Paul Spangers of Free Energy. Photos by Erik Hess.
It always seems like a slight miracle when a band puts on a fantastic show at the 400 Bar and the ground doesn't cave in. The venue is small enough for you to be among a closely-knit audience, but big enough to pack in a sufficient number of stomping legs to make the floor feel like it's bouncing up and down three inches below your feet. During Thursday night's Free Energy show, the legs and fists were pounding as enthusiastically as I've ever seen them: this is a band who knows how to energize their audience.
When I spoke with lead singer Paul Spangers last month, he stressed that Free Energy's ability to make a connection to the audience from stage is what fuels their passion and makes them a success. It was clear on Thursday night the connection is already there. I thought the show might lose steam after they played "Dream City" and "Free Energy" within the first three songs of their set, but the audience seemed just as familiar with—and energized by—the other material on their 10-song debut.
It appeared most in the crowd were not new to the Free Energy experience: after all, they've played in the Twin Cities over half a dozen times this year already. I myself have only seen Free Energy play one time before, at their Triple Rock show with Titus Andronicus two months ago, but recognized this show followed a very similar style and pattern. Sprangers high-fived members of the audience before passing the mic to them; guitarists Geoff Bucknam and Scott Wells riffed and guitar-solo-ed with big smiles on their faces, and in many moments, the band looked and sounded like they had come right off a time machine from the 1970s. (Which is maybe why there were more older folks in the crowd than at most 400 Bar shows).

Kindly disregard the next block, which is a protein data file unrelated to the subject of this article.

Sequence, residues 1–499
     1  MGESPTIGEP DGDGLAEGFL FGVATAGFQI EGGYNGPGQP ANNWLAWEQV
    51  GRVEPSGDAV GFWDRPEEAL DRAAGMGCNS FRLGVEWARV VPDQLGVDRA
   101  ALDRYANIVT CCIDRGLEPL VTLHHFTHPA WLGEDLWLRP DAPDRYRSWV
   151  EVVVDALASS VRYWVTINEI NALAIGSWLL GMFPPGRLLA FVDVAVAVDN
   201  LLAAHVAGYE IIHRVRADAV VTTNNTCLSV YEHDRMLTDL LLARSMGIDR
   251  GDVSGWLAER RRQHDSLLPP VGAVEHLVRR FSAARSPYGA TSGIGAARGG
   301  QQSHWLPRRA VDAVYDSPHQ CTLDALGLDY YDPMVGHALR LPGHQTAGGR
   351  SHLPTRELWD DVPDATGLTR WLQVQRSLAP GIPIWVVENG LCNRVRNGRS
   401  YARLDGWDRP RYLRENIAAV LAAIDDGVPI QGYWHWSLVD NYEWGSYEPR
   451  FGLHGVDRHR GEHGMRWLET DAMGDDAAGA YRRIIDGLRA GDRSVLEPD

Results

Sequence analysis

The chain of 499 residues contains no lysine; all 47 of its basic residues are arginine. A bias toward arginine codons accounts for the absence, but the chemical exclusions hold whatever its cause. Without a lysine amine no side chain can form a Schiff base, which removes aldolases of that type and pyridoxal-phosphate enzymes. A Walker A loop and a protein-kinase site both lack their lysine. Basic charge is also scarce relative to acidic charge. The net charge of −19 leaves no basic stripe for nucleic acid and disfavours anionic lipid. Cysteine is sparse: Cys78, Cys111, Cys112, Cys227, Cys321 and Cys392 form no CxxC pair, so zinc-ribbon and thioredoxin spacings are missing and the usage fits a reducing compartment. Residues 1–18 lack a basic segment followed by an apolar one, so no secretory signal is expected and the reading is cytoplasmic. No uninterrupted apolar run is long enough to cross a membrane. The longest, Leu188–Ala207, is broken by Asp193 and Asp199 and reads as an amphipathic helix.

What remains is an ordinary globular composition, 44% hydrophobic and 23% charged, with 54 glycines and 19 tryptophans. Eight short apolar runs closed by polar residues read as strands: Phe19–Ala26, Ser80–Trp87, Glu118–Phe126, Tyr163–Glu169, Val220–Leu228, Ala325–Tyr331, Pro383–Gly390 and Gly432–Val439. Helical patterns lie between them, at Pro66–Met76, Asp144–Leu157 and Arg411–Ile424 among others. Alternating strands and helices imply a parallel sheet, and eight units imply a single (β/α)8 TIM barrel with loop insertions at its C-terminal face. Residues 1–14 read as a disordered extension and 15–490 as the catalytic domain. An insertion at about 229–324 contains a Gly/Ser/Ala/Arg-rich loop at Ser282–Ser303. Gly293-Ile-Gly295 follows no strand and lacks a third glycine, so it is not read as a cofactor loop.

Beyond capturing the adoration of their audience, Free Energy are beloved by their tour mates. In both shows the other band on the bill (this time Canada's Hollerado) watched Free Energy with enthusiasm from the side of stage, jumping in to sing with them on mic or bounce around in the back on a few songs. It was heartening to see Hollerado still so enthused by the music after being on the road with Free Energy for a month and a half: they clearly dug the band as much as everyone else did.
The two bands teamed up for a couple covers Free Energy played with Titus on the last tour: Bruce Springsteen's "I'm Goin' Down" and Neil Young's "Rockin' in the Free World," which ended the three-song encore with about 30 audience members on stage. I think the audience was generally happy to have seen about the same show as they had seen times before, but Sprangers made a point of telling us that next time they come back, they'll be bringing more new material.
Opener Hollerado were champs, diving in to a rousing set only 20 minutes after arriving at the 400 Bar. Both bands said they had a rough day, having been stopped and searched at the Canadian border that afternoon (if I were a Canadian border patrol I would probably search Hollerado's van too). Despite arriving at the venue an hour after they were scheduled to go on the stage, they didn't let the hiccup affect their performance. Songs like "Americanarama" warmed up the pumping fists and stomping legs for Free Energy, complementing the show's overall mood and style. The night was exactly what you'd expect from a Free Energy concert: a good-spirited party almost rousing enough to cause the floors to cave in.
400 Cedar Ave. S.